Archive | August, 2014

Fishes, Loaves and The Red Daily Slosh

28 Aug

My favourite blues singer (Beth Hart) and one of the all time great guitarists (Jeff Beck) celebrating the great Buddy Guy. Rocking a classic. Pair with the Carmenere below. Hang in for the encore – Sweet Home Chicago. It’s pretty cool.

This release (August 30) features wines scoring 90 points or more as awarded by wine reviewers. In wineland, there used to be controversy over scoring wines regardless of the system used. But now it seems that most wine writers use some system of grading wines – numerical scores, stars, wine glasses (bicchierres). I don’t like it as I get distracted by it. Here’s the thing. Sure everyone wants to know what the ‘pros’ think of a wine if they are considering buying it. But, when I hear that someone bought a $16.95 wine because it received a 90, and “$16.95 for a 90 is great value”, it makes me crazy. And, can we talk? There seem to be fewer and fewer wines that score poorly; making good scores pretty common place. Shelf talking scores in front of wines make good marketing; not necessarily good purchases. If you’ve followed me, you’ll know that I’ve stayed away from comparative scores. Why? Well, confession? I don’t have a great palate, my notes are cryptic, I’m lazy, I don’t want to be held that accountable, and I was a math major and I still can’t tell an 89 from a 90. Wait, I do know the difference between an 89 and a 90 – it’s one less. On the other hand, absolute scores may give you confidence and a reference point. So, if it helps you to use scores to better advise your purchases, knock yourself out. But, I’d think just talking to folks you trust, reading the write ups (while ignoring the scoring) that are available on the net or in the press, and maybe even asking my friend, Ken, at the LCBO would be a better use of your time. Or, I could revert to my fish and loaves scoring model. Over time you’d get the hang of what 4 fishes really means. It means it’s pretty good and one more fish than 3!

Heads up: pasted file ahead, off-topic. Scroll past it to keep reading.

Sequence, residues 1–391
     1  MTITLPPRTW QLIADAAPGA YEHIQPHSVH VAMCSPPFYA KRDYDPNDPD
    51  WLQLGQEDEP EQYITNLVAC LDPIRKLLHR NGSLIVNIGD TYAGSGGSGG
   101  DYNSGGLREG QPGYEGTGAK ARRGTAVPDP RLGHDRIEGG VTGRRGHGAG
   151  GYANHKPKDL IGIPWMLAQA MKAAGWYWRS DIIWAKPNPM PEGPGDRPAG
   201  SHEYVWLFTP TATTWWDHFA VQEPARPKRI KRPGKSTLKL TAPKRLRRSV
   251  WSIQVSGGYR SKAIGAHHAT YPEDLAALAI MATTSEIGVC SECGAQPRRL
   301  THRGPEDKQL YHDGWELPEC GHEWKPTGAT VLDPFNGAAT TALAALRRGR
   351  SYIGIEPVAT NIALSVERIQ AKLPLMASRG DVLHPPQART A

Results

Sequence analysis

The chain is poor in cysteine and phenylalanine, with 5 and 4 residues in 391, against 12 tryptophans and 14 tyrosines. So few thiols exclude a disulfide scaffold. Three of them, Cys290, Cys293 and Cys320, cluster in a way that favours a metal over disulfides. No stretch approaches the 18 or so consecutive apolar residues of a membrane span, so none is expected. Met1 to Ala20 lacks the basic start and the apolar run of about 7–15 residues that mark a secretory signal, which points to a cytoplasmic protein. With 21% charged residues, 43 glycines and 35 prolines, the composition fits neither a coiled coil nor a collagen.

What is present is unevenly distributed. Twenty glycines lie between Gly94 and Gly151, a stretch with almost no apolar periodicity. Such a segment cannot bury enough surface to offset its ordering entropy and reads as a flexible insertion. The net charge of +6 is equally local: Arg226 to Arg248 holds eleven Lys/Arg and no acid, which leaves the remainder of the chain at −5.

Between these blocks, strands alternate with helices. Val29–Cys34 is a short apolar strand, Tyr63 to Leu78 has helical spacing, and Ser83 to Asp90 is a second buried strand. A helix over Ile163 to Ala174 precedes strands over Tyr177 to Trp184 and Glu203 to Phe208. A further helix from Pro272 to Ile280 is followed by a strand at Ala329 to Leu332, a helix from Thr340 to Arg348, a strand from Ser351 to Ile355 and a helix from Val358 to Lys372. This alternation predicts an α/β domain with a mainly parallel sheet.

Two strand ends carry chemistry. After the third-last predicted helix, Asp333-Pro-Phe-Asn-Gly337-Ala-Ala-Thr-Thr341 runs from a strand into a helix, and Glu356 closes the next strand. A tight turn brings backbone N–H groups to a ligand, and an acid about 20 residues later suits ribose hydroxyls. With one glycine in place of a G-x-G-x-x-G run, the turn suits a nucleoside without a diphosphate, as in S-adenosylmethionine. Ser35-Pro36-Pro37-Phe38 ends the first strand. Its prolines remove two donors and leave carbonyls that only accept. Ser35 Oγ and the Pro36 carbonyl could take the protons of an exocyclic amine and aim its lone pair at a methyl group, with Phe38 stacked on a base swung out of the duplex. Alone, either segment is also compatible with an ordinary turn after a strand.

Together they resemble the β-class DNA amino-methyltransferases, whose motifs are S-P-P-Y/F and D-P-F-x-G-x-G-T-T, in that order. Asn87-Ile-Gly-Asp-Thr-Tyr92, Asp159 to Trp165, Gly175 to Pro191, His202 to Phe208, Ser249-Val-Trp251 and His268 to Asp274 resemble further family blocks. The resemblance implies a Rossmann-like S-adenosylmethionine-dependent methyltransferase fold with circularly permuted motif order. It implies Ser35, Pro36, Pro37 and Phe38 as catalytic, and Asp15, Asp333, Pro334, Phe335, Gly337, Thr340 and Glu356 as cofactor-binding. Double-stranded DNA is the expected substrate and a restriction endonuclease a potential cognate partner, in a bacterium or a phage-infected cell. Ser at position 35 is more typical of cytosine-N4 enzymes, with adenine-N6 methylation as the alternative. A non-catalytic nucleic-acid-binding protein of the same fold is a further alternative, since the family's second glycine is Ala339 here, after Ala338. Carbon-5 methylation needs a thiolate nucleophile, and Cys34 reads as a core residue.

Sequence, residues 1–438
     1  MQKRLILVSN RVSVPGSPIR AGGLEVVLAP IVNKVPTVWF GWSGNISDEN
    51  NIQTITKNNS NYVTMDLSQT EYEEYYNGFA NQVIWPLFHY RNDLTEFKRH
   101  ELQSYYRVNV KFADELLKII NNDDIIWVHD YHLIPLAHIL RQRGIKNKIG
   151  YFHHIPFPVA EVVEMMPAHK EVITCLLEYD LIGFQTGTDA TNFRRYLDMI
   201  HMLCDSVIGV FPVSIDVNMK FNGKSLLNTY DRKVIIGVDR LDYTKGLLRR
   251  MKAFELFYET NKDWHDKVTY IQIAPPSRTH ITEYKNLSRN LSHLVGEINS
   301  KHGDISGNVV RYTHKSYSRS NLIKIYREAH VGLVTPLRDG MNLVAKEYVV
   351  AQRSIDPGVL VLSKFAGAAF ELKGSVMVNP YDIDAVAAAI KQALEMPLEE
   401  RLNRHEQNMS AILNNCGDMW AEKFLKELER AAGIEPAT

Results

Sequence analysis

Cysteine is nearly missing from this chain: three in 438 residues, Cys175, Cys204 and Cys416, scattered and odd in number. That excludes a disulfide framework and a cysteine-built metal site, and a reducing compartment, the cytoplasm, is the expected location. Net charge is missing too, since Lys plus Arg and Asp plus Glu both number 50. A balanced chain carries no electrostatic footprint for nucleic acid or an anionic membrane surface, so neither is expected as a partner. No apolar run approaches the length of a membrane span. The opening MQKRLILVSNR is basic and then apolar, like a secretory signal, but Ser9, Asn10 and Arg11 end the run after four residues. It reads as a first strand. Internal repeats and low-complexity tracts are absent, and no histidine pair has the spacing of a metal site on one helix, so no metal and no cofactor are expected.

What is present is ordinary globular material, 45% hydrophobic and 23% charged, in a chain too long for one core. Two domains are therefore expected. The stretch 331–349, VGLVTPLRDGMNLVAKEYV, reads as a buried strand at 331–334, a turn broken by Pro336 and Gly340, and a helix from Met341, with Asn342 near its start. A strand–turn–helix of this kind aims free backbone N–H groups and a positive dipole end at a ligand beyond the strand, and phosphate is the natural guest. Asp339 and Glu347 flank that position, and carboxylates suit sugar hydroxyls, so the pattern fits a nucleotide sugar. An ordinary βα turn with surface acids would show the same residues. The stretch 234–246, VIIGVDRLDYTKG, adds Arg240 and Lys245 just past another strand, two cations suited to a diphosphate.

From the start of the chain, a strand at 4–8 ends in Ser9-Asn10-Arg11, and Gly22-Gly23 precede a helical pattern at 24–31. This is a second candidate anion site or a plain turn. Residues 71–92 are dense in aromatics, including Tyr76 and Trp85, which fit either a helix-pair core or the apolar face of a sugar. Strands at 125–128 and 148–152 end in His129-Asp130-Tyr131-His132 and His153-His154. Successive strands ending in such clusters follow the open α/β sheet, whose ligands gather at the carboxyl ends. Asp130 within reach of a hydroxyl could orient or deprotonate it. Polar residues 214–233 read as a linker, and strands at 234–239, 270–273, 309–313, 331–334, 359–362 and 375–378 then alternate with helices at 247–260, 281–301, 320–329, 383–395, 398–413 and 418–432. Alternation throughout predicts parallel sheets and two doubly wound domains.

santacarolinaI recently spent time with my archaeologist son and some of his colleagues. One of his friends mentioned that she had picked up a Carmenère that I had recommended and found her new best friend – Carmenère. She said that she had subsequently asked at the wine store (Bottles in Providence, RI) about available Carmenère and had tried and enjoyed several different labels. What this means in archaeology-speak is that she subsequently drained the local wine store of every bottle of Carmenère. Why? Twenty-four hour-a-day fixation on fragments of pottery and weird details of early human civilization can do that to a person. It creates a feeling of insignificance in the vast historical universe. And leads to habitual alcohol consumption – not a criticism, just an observation. I also have a friend that drinks a lot of wine, but denies it. He said that he loves the Montes Purple Angel – a Carmenère-based wine. What’s going on with all the Carmenère love? Well, it’s good juice as my co-blogger, Conrad of the Wine Wankers would say. This week, one of our staple Carmenères hits the shelves. 2010 Santa Carolina Reserva de Familia Carmenère #034942 $18.95 is a pretty solid example of what Carmenère brings. And, that is? Well, for me it means full-bodied, full-flavoured, deeply coloured wine. The Santa Carolina is full-bodied with a big complex nose – fruit, spice and oak in the mouth with an interesting finish that’s long enough to resemble a biggish California Cabernet. In fact, if that’s your ‘go to’ wine, Cali Cab Sav that is, the Santa Carolina will be a perfect change of grape for you.

doglianiI have yet to be disappointed by Dolcetto di Dogliani wines. There’s a country-ness to the Dolcettos from the Dogliani DOC. Lip-smacking good – not heavy. Secret? Once I’ve hooked someone on Euro wine through Beaujolais. I move them on to Dolcetto. In a year or two, they’re pounding on my door at 2 in the morning begging for some Brunello. Yup, that’s how this wine thing works. Dolcettos are a fun wine but, like Beaujolais, not to be dismissed for that but rather celebrated. The 2011 Cantina del Dolcetto di Dogliani Dolcetto di Dogliani Superiore #378547 $19.95 is a pretty serious Dolcetto for Dolcetto. Loads of things going on in the glass and the mouth. Enough that my tasting notes had entries crossed out with numerous notations and additions – not that easy to land on the usual terms. And, I have to say that this type of depth and complexity ain’t what I expected. This is a beautiful wine! Balanced, acidity not as front and centre as usual for this DOC, enough tannin to hold up to some fatty meaty dinner, or cellar. Go ahead and spring for this perfect-for-the-end-of-summer wine. And, one of the more elegant labels that I’ve seen lately.